Steering and Handling Steps from Snap-on
If a vehicle comes in to a bodyshop with steering and handling problems, there are several steps that should be taken in order to complete and validate the repair.
It’s important to not only make sure that any wheel alignment adjustments are made, using an aligner such as the V2400 from Sun, but also that the necessary diagnostic work is also done in order to reset any sensors and clear any fault codes.
By utilising the V2400’s advanced measurement features you can quickly establish bent or damaged suspension parts to help ensure that you order and replace the correct components.
Once those checks and repairs have been completed, a Snap-on scan tool such as the new MODIS Edge can be used to make sure the vehicle is ready to be returned to its owner.
One of the most common procedures to follow is resetting the vehicle’s steering angle sensors, which is especially important if components have been replaced.
Connect the MODIS Edge up to the vehicle and select the Scanner option from the homepage, then, once the vehicle has been identified, navigate to the Wheel Alignment menu.
Using a 2014 Peugeot 207 1.6L T-Diesel as an example, select the Steering Angle Sensor Calibration option. The model’s steering angle sensor must be re-calibrated if the toe-in is adjusted, if the sensor or the ESP ECU is replaced, if work is carried out on the steering column or column support, or if any other work is carried out on the front axle.
From there, follow the on-screen prompts and the steps advised, then begin the calibration.
Once the calibration process has ended, start the vehicle’s engine and ensure that the ABS warning light is no longer illuminated. Then, a short road test should be carried out to confirm that zero calibration has been completed.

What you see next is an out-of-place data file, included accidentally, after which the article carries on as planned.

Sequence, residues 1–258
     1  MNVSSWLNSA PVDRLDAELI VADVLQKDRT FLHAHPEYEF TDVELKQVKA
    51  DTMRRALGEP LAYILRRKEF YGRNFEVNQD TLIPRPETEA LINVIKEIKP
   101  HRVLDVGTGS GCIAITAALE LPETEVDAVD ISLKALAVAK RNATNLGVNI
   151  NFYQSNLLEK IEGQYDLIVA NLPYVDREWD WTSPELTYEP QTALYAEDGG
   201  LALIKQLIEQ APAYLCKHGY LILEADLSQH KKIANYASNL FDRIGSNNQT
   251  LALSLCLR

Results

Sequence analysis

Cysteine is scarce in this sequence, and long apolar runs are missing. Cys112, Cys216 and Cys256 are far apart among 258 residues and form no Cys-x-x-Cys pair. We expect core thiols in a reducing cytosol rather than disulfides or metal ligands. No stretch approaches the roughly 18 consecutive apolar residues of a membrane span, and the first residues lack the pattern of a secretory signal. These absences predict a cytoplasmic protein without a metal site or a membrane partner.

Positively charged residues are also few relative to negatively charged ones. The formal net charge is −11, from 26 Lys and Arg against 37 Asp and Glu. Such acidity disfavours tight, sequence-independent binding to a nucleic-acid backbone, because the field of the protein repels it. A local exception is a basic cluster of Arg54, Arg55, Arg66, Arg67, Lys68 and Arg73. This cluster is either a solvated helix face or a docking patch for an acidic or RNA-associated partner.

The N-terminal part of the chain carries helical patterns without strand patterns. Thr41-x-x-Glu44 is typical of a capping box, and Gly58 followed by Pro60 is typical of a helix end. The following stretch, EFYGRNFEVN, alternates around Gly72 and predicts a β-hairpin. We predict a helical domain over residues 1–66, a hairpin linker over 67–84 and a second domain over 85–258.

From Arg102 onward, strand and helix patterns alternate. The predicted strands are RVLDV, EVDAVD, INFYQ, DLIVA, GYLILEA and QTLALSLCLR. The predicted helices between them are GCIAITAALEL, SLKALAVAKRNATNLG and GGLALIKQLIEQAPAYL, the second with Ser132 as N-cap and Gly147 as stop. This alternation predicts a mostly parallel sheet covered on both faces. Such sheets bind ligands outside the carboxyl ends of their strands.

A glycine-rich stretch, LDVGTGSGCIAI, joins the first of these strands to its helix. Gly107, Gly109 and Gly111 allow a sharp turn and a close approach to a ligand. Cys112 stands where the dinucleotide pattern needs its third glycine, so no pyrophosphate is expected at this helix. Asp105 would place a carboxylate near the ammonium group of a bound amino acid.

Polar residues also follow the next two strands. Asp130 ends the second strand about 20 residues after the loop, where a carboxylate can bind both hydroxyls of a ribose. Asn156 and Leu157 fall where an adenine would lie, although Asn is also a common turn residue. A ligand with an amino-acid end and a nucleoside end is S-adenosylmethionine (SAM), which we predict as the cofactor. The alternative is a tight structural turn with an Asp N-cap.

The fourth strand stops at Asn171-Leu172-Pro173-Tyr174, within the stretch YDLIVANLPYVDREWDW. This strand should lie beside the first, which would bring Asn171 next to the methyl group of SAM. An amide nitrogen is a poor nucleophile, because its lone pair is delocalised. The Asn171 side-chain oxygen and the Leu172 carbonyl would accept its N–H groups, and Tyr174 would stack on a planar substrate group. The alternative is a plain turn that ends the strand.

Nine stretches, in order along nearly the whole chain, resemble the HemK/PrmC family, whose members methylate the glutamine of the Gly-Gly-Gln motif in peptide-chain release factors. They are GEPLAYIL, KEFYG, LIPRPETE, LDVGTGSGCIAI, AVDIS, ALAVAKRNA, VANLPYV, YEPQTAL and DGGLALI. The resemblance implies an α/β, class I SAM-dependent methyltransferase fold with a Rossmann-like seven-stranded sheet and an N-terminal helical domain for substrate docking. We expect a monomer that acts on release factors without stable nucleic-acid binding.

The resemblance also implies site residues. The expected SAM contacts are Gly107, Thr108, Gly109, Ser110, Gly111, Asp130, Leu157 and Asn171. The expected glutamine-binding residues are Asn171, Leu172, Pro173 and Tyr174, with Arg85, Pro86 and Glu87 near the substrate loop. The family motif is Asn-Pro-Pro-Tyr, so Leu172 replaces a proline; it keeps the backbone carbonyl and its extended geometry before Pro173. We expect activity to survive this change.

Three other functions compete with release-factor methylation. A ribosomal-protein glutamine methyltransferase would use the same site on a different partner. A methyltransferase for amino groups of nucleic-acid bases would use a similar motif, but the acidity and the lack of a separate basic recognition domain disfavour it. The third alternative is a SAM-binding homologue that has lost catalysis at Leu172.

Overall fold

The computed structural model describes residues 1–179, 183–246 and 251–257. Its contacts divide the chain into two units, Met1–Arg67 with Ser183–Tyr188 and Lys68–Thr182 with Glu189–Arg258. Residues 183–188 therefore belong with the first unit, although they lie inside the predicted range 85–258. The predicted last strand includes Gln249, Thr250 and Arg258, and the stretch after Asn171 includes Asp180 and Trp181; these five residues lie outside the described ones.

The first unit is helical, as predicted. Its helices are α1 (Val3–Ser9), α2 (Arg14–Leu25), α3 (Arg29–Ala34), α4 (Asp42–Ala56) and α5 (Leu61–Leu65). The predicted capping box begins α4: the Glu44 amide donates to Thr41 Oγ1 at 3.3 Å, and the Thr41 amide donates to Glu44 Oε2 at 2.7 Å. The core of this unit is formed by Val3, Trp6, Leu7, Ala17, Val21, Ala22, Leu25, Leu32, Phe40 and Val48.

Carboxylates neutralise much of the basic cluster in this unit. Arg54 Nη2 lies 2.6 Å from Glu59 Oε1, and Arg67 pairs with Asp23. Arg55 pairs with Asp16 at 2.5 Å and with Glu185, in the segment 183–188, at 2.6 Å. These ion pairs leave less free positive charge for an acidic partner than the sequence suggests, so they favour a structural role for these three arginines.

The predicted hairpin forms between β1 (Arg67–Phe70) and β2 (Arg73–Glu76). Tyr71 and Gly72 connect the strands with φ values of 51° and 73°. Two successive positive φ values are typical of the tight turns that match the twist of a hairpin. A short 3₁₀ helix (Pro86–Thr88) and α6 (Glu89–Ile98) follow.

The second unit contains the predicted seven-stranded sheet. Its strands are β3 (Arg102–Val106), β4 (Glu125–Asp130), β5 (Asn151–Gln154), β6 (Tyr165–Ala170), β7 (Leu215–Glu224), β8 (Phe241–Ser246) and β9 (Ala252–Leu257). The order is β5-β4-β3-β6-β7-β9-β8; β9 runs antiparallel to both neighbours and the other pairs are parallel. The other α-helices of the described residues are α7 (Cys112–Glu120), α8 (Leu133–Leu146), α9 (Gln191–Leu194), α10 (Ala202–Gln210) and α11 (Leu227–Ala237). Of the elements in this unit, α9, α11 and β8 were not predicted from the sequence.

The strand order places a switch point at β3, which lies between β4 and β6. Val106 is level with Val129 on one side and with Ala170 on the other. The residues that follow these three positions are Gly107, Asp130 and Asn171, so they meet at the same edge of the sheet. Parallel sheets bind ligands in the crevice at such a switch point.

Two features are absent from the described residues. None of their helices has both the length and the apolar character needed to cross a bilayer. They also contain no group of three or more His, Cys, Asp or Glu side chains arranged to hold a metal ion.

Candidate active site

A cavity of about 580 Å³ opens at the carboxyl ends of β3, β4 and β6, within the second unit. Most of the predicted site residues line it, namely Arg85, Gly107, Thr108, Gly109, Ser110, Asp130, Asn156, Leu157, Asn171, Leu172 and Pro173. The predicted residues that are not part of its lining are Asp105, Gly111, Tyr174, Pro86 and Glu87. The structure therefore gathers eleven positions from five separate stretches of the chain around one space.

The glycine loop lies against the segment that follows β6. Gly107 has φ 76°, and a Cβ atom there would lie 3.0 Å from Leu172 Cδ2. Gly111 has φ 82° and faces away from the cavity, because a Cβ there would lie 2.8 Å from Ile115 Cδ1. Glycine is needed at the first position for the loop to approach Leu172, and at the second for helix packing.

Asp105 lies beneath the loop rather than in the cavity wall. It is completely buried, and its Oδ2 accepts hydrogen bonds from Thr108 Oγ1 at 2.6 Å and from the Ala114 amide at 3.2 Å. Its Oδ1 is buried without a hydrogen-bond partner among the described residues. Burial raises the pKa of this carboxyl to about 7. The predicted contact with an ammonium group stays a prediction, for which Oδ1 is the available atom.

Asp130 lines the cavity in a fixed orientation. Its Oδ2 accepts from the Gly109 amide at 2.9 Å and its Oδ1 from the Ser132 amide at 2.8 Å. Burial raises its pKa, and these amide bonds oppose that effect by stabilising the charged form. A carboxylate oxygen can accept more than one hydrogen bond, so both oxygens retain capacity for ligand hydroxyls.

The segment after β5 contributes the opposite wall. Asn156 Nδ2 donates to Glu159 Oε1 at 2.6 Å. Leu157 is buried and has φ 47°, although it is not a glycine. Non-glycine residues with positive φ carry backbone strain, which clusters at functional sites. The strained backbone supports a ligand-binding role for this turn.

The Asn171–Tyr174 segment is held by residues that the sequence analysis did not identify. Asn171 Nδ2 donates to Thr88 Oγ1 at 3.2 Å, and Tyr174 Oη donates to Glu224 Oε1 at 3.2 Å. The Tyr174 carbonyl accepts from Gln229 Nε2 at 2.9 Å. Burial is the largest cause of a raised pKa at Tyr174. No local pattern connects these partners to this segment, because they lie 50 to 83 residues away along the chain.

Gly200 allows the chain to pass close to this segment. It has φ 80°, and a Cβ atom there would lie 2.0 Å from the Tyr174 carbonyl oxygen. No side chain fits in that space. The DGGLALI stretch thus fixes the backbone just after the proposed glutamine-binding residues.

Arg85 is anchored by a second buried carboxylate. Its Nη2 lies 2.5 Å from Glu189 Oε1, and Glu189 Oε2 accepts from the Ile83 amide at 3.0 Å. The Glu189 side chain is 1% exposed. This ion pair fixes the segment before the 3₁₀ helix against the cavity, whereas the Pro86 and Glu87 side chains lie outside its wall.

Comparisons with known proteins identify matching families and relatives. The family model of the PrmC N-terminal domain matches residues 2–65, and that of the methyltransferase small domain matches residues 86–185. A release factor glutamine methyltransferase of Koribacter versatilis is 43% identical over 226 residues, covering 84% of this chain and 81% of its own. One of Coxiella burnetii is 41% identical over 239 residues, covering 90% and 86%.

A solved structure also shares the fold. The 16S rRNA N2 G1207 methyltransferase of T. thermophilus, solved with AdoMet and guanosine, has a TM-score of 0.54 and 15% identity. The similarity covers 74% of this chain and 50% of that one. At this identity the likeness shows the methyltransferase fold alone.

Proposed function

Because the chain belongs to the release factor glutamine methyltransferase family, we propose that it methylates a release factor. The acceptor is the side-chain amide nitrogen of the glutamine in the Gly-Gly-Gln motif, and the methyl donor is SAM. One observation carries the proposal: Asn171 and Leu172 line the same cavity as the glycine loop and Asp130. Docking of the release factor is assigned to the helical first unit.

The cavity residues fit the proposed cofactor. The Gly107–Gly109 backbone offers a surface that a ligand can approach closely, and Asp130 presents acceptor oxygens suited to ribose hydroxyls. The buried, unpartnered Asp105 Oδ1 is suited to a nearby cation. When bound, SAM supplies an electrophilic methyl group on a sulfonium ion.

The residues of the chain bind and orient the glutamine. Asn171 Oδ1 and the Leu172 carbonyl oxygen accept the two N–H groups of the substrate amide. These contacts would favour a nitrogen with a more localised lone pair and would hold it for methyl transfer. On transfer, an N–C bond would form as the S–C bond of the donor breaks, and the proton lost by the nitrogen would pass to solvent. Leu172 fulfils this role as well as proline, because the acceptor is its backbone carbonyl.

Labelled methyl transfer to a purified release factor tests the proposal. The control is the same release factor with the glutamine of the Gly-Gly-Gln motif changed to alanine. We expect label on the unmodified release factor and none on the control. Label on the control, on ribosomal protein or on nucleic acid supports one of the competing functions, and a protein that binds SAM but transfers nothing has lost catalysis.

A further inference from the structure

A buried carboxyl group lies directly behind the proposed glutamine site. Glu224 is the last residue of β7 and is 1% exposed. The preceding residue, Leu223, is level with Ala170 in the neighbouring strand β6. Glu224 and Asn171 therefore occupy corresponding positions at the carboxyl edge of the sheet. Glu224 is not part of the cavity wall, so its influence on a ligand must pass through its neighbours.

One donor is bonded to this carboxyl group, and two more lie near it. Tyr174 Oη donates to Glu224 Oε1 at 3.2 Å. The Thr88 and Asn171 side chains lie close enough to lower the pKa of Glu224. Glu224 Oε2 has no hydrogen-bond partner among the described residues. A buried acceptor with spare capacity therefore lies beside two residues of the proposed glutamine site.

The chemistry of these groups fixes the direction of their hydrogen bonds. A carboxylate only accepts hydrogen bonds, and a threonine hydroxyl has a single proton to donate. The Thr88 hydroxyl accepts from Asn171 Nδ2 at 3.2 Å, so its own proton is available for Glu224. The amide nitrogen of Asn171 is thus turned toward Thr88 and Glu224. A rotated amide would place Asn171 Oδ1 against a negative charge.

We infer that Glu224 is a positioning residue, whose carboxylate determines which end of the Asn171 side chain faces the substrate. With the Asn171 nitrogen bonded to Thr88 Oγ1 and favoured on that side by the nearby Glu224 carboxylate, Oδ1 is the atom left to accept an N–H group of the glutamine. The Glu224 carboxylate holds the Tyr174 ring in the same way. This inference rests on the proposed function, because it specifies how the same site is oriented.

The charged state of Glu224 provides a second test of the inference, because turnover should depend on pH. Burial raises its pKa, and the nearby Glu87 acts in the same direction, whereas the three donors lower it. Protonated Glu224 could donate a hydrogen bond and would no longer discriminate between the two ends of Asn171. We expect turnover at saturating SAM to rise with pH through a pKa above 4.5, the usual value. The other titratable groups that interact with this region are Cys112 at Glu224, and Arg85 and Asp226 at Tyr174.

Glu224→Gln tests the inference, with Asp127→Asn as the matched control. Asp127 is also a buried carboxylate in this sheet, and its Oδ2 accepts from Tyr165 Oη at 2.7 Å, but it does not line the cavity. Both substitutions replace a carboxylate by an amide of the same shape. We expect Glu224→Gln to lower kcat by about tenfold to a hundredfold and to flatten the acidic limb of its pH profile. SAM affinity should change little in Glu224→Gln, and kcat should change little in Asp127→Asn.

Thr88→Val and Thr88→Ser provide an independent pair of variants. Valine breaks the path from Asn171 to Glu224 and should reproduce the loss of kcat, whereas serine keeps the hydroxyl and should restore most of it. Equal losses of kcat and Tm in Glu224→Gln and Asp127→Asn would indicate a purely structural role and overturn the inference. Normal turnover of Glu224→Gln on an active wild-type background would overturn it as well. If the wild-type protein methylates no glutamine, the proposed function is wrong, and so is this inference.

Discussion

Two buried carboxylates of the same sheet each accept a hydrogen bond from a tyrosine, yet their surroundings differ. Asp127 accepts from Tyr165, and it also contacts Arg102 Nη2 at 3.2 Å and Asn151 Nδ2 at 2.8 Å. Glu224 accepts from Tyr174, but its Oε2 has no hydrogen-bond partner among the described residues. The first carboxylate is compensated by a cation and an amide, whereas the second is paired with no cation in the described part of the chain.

It is important to reset the steering angle sensors after wheel alignment work because of how they impact other systems within a vehicle such as Dynamic Headlights, Electronic Stability Control, Adaptive Cruise Control and Active Stability Control.
For example, if you turn the steering wheel on a vehicle with Dynamic Headlights, the headlight aim can will move left to right to better illuminate your path; or, if a car with Electronic Stability Control is going off line during hard braking, to keep the car pointing in the correct direction the engine control unit monitors the steering angle sensors and affects braking to the individual wheels so control of the vehicle isn’t lost.
Steering angle sensors are usually located in the Column Integrated Module and with a MODIS Edge it is simple to see fault codes when the sensors fail or go out of tolerance. They can also lose synchronisation if the battery has been disconnected for long periods of time.
Using a MODIS Edge, the sensors can be reset to the manufacturer’s specification and data lists can be used to confirm operation.